• In a collaborative environment labels and roles are relatively unimportant. The service provided for a child determines the role.
    • Schools have many natural, untapped pools of skills and interests across a wide range of unassigned areas. When teachers can form teams and move among roles, positive ripple effects occur.
    • IE) Increased adult to pupil ratio in a learning program and ability and the ability of the school to provide more personalized instruction.
  • Facilitating Appropriate Support Services
    • Become knowledgeable about the roles and responsibilities of support personnel.
    • Strive for IEP and informal learning plans that include all facets of learning and involve all roles the will help the student succeed
    • Within the bounds of necessary confidentiality and ethical school practices, ask support personnel for their viewpoints and opinions about helping students with special needs
    • Inform them about the consultation role, schedule, and responsibilities
    • Monitor the students performance across all kinds of school, home, and community learning in a variety of situations
    • Provide time in the teachers schedule for co- planning, co-teaching, and following up
    • Show ongoing support for inclusionary practices
    • Include support services personnel in staff development activities, encouraging their involvement and collaboration
    • Include support-services personnel in staff development activities, encouraging their involvement and collaboration
    • Have Specific in services for them to provide awareness and encourage collaboration.
  • Other Ways To Create Effective Collaboration
    • This can be achieved through
        • Home-School- Community Networks and Councils
          • These are cross-agency collaborators. They consist of education and human services providers as well as other child and family based providers. They come together to identify problems, needs and wants within a school and try to figure out ways to improve or implement them. They provide mostly recreation, entertainment and informal education. Their main focus is the ‘curriculum of the community’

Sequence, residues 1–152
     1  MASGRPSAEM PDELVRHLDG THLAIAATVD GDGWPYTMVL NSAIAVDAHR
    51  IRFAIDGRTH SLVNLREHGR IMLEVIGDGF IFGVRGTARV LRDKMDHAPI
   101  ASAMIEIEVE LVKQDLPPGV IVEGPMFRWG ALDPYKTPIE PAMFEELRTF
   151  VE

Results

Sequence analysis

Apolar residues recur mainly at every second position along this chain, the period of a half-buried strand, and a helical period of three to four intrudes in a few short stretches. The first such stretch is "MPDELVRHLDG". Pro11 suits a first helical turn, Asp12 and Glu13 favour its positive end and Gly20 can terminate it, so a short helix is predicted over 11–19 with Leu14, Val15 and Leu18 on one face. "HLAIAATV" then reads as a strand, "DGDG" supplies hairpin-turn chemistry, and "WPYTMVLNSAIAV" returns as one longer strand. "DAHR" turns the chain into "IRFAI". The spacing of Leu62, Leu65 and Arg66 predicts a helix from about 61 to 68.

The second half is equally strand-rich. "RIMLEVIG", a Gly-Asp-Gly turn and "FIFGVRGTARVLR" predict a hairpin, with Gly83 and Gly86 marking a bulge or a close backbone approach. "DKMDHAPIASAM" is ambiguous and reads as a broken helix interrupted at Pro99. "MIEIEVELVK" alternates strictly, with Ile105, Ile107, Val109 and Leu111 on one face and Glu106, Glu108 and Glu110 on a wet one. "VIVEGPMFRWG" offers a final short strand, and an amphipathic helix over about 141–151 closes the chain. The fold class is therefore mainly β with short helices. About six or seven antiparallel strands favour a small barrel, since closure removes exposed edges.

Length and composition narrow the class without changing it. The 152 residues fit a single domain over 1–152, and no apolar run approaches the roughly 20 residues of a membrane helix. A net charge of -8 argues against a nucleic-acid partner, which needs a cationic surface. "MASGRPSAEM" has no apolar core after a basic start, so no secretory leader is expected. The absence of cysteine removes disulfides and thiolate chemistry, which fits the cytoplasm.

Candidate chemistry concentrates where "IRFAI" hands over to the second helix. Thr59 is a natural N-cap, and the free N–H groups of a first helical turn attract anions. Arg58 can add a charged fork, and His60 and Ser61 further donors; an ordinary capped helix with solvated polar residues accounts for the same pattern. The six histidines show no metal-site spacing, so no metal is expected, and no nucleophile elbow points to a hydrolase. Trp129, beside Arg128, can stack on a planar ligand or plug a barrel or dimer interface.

• Interagency Coordination of Related and Support Services
    • Service providers must step outside of their boundaries to do what needs to be done for the student.
    • It is a challenge for educators to from new paradigms that decompartmentalize services for students with special needs.
    • Go out and talk to the community centers, devote more time to families and outside resources.
  • Grant Proposals
    • Money is always needed
    • The most welcomed resource that school personnel can contribute to is a funded grant proposal.
    • Money is available through
          • Federal and State Funds
          • Private Donations
          • Foundations
          • Local Businesses
          • Fund-Raising Activities
          • Corporations
  • Grant Proposals
    • When a grant proposal is funded the benefits soar! More monay and resources become available for carrying out projects that were only dreams and wishes
    • It is an energizing and morale boosting effect that can reverberate through a school system.
    • School Consultants and collaborators, who have significant professional development abilities are the ideal individuals to seek funding.
    • School divisions need to designate those who are the most experienced to seek grants.
  • Preparing for the Proposal/Evaluation of the Proposal
    • Identify a need
    • Explore the research base
    • Get together a team
    • Identify possible funding sources
    • Obtain the guidelines
    • Design the project
    • Create a budget
    • Interagency collaborative support
    • Establish contact with the funding agency
    • Meet the deadline
    • Identity
    • Topic
    • Funding level
    • Duration
    • Plan
    • Procedure
    • References